Meet the Team
Born and raised in Fairfield, CA and came to Reno in the fall of 2011 to study Mechanical Engineering at UNR. Dwight has been working at the DeLaMare Science & Engineering Library for almost four years and have become one of the Tech Wranglers at the library to help anyone and everyone learn 3D modeling, 3D scanning, 3D printing and other technology offered at the DeLaMare. He has been using Solidworks for over years now, and plans on taking several of the Solidworks Certifications to use for his future career. Currently Dwight has helped many students and people from the Reno community make their inventions into a reality. Due to his experience in this, he has a few ideas he hopes to patent for the future, while also hoping to use his Solidworks and 3D printing experience to land a career doing Research & Development.
Quinn Chapman is a senior in mechanical engineering at UNR. Born and raised in Reno, Quinn has always been interested in automotive design and hopes to have a career in the automotive industry. His work ethic and quick learning skills are valuable assets that have helped him in both school and work. Currently working at the Innovation Center Makerspace, he has gained valuable experience with 3D printer operation and design while working in a professional environment.
Stephen Downs was born in Southern California, but was raised in Reno and considers it his home. Throughout his life, Stephen has been described as a future engineer. He maintains an analytic mindset and has used his skills to excel through his academic career at the University of Nevada, Reno. He has worked in the field for nearly two years at The Hamilton Company as an intern, gaining knowledge one can only obtain on the job. Stephen’s academic accomplishments include proficiency in Matlab, Labview, Solidworks and Creo for 3D modeling, as well as other useful programs. During the latter half of his life, Stephen has found a passion for the themed entertainment industry, which has driven his choice of Mechanical Engineering as a career. After graduation he plans to work in this industry, ultimately desiring to work for Walt Disney Imagineering designing themed rides and environments for people to enjoy.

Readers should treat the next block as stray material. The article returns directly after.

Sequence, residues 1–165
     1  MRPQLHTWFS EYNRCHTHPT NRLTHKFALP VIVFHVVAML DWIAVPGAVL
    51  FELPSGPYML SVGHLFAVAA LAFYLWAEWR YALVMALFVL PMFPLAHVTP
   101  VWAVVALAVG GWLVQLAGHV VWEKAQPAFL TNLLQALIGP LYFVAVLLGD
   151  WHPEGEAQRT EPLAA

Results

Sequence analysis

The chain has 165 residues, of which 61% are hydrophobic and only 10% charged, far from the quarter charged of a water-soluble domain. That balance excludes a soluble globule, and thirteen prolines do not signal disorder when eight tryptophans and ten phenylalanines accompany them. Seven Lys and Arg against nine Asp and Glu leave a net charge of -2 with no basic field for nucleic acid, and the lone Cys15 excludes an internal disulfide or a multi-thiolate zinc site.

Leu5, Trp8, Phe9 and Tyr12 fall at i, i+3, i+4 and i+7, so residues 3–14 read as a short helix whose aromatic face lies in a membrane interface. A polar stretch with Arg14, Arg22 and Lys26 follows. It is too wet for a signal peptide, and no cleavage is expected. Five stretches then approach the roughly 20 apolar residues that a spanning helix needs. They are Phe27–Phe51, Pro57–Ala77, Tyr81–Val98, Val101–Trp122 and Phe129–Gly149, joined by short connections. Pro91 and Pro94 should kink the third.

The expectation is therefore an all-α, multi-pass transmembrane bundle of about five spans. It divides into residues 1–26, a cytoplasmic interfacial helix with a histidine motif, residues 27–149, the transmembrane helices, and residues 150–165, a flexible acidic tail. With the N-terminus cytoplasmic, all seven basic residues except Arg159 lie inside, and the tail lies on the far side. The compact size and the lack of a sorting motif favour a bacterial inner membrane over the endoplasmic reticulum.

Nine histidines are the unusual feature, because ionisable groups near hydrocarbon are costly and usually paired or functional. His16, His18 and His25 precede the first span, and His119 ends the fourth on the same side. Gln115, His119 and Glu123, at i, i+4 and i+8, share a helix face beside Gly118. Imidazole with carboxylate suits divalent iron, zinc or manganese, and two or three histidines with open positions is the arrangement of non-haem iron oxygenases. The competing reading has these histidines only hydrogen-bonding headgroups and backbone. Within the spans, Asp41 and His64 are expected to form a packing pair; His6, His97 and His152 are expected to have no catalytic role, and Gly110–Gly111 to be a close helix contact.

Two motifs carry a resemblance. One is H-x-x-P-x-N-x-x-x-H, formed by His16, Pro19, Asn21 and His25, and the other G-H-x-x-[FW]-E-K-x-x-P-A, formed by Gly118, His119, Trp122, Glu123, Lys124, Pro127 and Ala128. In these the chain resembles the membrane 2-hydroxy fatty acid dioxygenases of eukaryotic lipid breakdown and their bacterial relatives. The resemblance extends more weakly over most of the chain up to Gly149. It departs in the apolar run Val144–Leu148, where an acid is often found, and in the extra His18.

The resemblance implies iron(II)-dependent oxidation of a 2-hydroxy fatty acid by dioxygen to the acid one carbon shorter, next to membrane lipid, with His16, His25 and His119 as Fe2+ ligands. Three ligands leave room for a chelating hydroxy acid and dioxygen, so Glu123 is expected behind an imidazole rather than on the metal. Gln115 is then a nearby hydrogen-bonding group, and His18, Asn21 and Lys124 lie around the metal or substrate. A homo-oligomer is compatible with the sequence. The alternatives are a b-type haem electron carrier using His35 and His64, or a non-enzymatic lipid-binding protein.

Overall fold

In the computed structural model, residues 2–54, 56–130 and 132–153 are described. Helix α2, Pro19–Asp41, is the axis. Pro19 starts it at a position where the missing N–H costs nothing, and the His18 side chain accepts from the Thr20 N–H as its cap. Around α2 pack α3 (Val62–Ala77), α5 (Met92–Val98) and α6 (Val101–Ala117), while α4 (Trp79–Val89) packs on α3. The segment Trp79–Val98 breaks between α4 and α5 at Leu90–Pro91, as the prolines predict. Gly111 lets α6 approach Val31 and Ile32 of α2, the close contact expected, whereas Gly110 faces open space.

Kyle Pierce has wanted to be an engineer for most of his life. Originally from Oakland, California, he came to UNR in the fall of 2013. He is a senior studying mechanical engineering. He currently interns at IGT in the hardware engineering department, where he has gained valuable knowledge about design, manufacturing, and engineering as part of a business. After graduation, he plans to earn a Masters in Business Administration.
Born and raised in Nevada, Melissa McCabe is a proud Reno native. During her college career at the University of Nevada, Reno, Melissa has earned top grades and garnered training and experience in SolidWorks, LabView, Matlab, and much more. The experience she has gained in pursuit of her mechanical engineering degree has aided her in her internship at Jensen MetalTech, and will continue to help her in her future career endeavors. Following her graduation in May 2017, Melissa intends to pursue a career in design engineering with the hopes of one day opening her own business based on a unique invention.